If you have a source of good quality fresh goat cheese, but it’s far away, buy it in big amounts and freeze it in well wrapped portions. Strangely the texture changes only a bit and the taste is practically the same. It becomes maybe less moist, but I still find it delicious mixed with yogurt and used as a spread. (My experiments in freezing cheese are sometimes surprising: I have always thought hard cheese freezes well, but I recently saw gruyère’s texture become horribly crumbly and dry, while the famous French blue cheese roquefort stayed in perfect shape… though I must say I always vacuum pack my cheese before freezing it, apart from the fresh one which is too soft).

Obviously, if you don’t like garlic, skip it. As I said, fresh cheese and chives are the key to the delightful flavours.

Yogurt is used here only to loosen the texture, so its amount depends on the texture of the cheese.

Preparation: 10 minutes

Ingredients (makes approximately a 250 ml jar of spread):

300 g of fresh goat cheese

125 ml natural yogurt (cow or goat milk yogurt will be ok), or more/less; see the TIPS above

6 heaped tablespoons chopped chives (or more)

1 big clove garlic

salt (to taste)

Combine the ingredients and refrigerate or eat it straight away.

This spread will keep for several days in the fridge.

Filo Rolls with Buckwheat (Groats) and Mushrooms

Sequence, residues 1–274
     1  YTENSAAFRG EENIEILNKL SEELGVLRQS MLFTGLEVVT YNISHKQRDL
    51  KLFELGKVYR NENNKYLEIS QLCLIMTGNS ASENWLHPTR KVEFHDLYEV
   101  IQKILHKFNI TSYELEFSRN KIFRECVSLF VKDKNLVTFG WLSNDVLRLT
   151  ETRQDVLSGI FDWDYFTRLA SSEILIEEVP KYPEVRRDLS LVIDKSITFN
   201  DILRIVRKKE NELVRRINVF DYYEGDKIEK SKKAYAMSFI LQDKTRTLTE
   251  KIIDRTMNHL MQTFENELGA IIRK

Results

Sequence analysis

If you like Japanese soba noodles and don’t mind a typical coarse texture of certain grains, you might be tempted to test this combination of buckwheat and mushrooms in crisp thin layers of Greek filo rolls. I can only hope you will love the results as much as I did. If you have never tasted buckwheat, forget all the health benefits you have heard about (I know it puts some people off…) and see it as I do: just another delicious fuss-free carb, versatile enough to go with Greek pastry or spicy Korean meals.

I know many people put it in the same bag as quinoa or other recent wonder food discoveries, but in countries where buckwheat groats/grains have been eaten for generations (Ukraine or Poland, for example) it’s simply an alternative to rice, potatoes, pasta or bread. The traditional method is to toast the grains before selling them and I advise against the non-toasted version (see the TIPS below). In Poland it’s eaten mainly with meat or mushrooms (or both) in sauce, but sometimes also as a filling in dumplings; I guess there are also some regional dishes I’m not aware of. I grew up eating buckwheat quite regularly topped with meat in sauce and I’m pretty sure my mum never insisted on it as being healthy (the way she did with some vegetables…). This attitude made me appreciate buckwheat the way it is: beautifully nutty scented, strong-flavoured carb that nowadays reminds me at the same time of Polish and Japanese cuisines (a curious and rare coincidence!).